Caladenia drakeoides facts for kids
Quick facts for kidsHinged dragon orchid
Endangered (EPBC Act)
Drakonorchis drakeoides (Hopper & A.P.Br.) D.L.Jones & M.A.Clem.
Caladenia drakeoides, commonly known as the hinged dragon orchid is a species of orchid endemic to the south-west of Western Australia. It has a single hairy leaf and a single greenish-yellow and red flower with a hinged labellum resembling a female thynnid wasp.
Caladenia drakeoides is a terrestrial, perennial, deciduous, herb with an underground tuber and which grows as solitary plants or in clumps of up to ten plants. It has a single, pale green, broad, ground-hugging, hairy leaf, 3–6 cm (1–2 in) long and 4–12 mm (0.2–0.5 in) wide.
Usually only one greenish-yellow and red flower is borne on a stalk 18–30 cm (7–10 in) tall. The flowers are 2–3 cm (0.8–1 in) long and about 2 cm (0.8 in) wide and bear a striking resemblance to those in the genus Drakaea. The dorsal sepal is curved backwards, almost horizontally behind the flower and is 12–18 mm (0.5–0.7 in) long and 1–1.5 mm (0.04–0.06 in) wide at the base. The lateral sepals and petals are linear to lance-shaped, hang vertically and clasp the ovary. The lateral sepals are 12–18 mm (0.5–0.7 in) long and 3–4 mm (0.1–0.2 in) wide with a sudden bend one-third the distance from their outer ends. The petals are 10–14 mm (0.4–0.6 in) long and 1–1.5 mm (0.04–0.06 in) wide at the base. The labellum is greenish-yellow and red and covered with dark maroon hairs and calli. It is loosely-hinged and resembles an insect abdomen 5–6 mm (0.20–0.24 in) long, 3–4 mm (0.1–0.2 in) wide and a yellow to red head about 2 mm (0.08 in) in diameter. The false abdomen is strongly turned in towards the ovary. Flowering occurs from August to early October.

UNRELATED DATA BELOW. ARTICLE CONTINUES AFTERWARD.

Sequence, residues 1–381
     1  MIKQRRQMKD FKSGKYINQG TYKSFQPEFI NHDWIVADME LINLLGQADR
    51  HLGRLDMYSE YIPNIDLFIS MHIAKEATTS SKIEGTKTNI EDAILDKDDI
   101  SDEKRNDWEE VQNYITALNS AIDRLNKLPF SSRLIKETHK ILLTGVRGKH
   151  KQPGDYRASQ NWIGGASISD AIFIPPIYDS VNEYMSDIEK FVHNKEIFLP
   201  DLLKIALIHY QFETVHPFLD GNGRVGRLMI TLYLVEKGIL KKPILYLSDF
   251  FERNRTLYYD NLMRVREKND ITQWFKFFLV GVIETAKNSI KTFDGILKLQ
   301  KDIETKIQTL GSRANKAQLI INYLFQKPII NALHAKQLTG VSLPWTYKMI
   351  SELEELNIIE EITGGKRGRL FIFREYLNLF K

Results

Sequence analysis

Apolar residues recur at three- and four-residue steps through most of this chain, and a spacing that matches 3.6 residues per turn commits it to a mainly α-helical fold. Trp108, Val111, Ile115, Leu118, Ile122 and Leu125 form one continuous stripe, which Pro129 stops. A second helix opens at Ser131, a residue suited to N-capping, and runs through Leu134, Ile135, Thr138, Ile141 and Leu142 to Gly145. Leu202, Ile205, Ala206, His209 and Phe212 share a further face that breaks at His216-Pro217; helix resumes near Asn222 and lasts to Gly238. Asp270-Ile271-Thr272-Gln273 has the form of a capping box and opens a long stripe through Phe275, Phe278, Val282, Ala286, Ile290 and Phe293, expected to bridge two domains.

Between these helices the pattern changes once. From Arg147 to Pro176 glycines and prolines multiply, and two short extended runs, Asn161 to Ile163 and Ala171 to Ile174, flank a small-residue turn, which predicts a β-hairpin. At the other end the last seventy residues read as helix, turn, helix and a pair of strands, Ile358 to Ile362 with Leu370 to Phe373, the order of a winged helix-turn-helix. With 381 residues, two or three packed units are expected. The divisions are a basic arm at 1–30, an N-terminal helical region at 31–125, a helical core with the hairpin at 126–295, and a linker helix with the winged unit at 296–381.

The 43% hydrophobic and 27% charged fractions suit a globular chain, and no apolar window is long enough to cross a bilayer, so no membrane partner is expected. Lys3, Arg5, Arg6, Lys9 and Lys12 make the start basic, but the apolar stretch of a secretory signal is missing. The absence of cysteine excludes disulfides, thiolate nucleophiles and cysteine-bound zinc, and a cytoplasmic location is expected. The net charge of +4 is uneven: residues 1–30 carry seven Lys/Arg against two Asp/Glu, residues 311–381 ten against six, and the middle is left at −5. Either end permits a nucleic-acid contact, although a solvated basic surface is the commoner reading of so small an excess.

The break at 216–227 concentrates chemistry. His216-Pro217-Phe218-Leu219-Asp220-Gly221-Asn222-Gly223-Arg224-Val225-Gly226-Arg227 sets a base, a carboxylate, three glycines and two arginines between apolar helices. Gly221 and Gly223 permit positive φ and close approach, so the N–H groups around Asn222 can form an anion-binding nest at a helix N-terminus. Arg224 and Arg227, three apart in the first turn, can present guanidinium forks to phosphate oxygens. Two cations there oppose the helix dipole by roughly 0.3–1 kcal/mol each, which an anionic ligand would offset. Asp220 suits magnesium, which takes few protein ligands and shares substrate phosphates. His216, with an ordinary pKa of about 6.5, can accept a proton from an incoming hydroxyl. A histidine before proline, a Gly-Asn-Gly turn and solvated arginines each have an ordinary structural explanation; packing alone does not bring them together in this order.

Taxonomy and naming
Caladenia drakeoides was first formally described by Stephen Hopper and Andrew Brown in 2001 from a specimen collected by Hopper near Dalwallinu. The description was published in Nuytsia. The specific epithet (drakeoides) refers to the similarity of the flowers of this species to those in the genus Drakaea - the suffix -oides means "likeness" in Latin.
Distribution and habitat
The hinged dragon orchid grows among shrubs near salt lakes and in winter-wet areas between Bonnie Rock and Lake Moore in the Avon Wheatbelt and Geraldton Sandplains biogeographic regions.
As with orchids in the genus Drakaea, this species is pollinated by male thynnid wasps when they attempt to copulate with the flower.
Caladenia drakeoides is classified as "Threatened Flora (Declared Rare Flora — Extant)" by the Western Australian Government Department of Parks and Wildlife and it has also been listed as "Endangered" (EN) under the Australian Government Environment Protection and Biodiversity Conservation Act 1999 (EPBC Act). The main threats to the species include weed invasion and grazing by goats (Capra hircus) and sheep (Ovis aries).
Caladenia drakeoides Facts for Kids. Kiddle Encyclopedia.